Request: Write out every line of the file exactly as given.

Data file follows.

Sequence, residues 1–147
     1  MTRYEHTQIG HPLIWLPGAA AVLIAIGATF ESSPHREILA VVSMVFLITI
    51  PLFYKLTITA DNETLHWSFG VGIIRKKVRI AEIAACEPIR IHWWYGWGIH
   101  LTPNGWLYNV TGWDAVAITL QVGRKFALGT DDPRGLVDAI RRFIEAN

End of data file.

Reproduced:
Sequence, residues 1–147
     1  MTRYEHTQIG HPLIWLPGAA AVLIAIGATF ESSPHREILA VVSMVFLITI
    51  PLFYKLTITA DNETLHWSFG VGIIRKKVRI AEIAACEPIR IHWWYGWGIH
   101  LTPNGWLYNV TGWDAVAITL QVGRKFALGT DDPRGLVDAI RRFIEAN